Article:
How I’m realizing that simplifying life brings abundance.
What pops into your mind when you hear the phrase: living a simple life? Do you think it means to live more frugally, or in poverty? Or, do you think it embraces the current trend of being a minimalist?
When I was in my late teens, I used to think living a “simple life” meant to live in a rural area with little access to technology and resources (which is not a bad thing, mind you). Not a concept that I was into, and especially not when I first moved to Chicago. I was able to snag a great studio apartment in the “Gold Coast” area and wanted to try all the restaurants and hotspots I could find, go shopping in all the expensive boutiques and decorate my apartment with all sorts of trinkets and home decor. Even though all of these things are resources and luxuries that our society is blessed to have access to, overdoing it can sometimes make us feel like nothing is enough.
Today, I want to share my epiphany on realizing that simplifying life brings abundance, and my opinion pertaining to the benefits of simplifying one’s life, and why I think a lot of us need to rethink our “wants versus needs”.
Why am I bothering to write about this? Well, this past week had been a real eye opener for me and at the same time gave me a sense of peace and happiness with what I already have. If you follow any of my social outlets, you may already know that I’m traveling in Asia and have been in Cambodia for the past week.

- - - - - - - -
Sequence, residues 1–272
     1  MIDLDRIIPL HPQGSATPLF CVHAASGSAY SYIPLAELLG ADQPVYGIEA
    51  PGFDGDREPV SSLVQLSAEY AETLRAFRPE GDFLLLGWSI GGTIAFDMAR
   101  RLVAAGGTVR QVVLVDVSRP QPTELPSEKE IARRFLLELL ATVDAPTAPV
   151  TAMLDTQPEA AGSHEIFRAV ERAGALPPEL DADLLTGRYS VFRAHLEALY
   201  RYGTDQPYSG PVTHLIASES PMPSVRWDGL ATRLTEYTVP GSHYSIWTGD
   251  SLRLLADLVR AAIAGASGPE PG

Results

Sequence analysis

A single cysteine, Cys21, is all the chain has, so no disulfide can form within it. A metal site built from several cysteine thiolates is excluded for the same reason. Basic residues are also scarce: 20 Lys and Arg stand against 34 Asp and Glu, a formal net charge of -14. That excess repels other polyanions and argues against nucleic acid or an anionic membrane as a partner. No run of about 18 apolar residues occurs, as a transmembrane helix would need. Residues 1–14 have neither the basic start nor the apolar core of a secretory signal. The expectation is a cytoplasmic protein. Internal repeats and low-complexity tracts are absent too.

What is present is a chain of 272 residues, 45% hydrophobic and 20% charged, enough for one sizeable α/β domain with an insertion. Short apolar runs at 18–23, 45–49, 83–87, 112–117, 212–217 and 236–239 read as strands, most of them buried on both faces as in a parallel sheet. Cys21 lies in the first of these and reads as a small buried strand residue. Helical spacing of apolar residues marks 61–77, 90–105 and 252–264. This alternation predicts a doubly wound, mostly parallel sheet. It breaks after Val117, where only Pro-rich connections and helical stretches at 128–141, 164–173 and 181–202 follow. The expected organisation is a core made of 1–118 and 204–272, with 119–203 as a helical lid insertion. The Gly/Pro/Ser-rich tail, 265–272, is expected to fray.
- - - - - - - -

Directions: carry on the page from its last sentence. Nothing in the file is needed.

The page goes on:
We’ve been meeting various locals with interesting backgrounds (one that I’ll forever remember: a survivor from the S-21 secret prison during the communist Khmer Rouge “killing fields” regime), visiting schools, silk and copper workshops, and villages that consist of wooden homes on stilts. I learned that the primary source of capital for each family is their cattle, and that government employees make around $200 a month. Community shops in these villages are compared to “7-Elevens” by the tour guides. The difference? These shops are built in simple tin barns that boast 2 small coolers filled with chilled drinks, a few pots and pans, and a handful of home items for sale.
In each village we visited, children ran up to us eager to practice English and say hello. Generally, everyone we came across was quite happy. Whether they’re hanging out on each other’s front steps, or washing their cattle in the river, they seem to have a sense of inner peace and contentment.
This made me realize something of great magnitude. Here I am, sitting in a comfortable hotel room with a comfortable condo back in Chicago waiting for me…where most of us have an abundance of various types of foods stocked in the fridge, clothes hanging in the closet, and products that have been ordered with a push of a button on a fancy iPhone.
Meanwhile, communities around the world in countries like Cambodia are still developing and learning about such simple topics such as bringing more trashcans to their communities so there isn’t trash strewn like decorations along the dirt roads. These communities spend their days working in conditions such as 106 degree weather, happy if some make a salary of nearly a hundred dollars a month, yet they seem to enjoy the simplicity of life. Being present, enjoying human contact and genuinely looking content with what they have. When I think of many people, including myself, and our society in general, a lot of the daily stresses/complaints we come across seem to be quite trivial. Especially when compared to what types of resources are accessible to people in third world countries like Cambodia.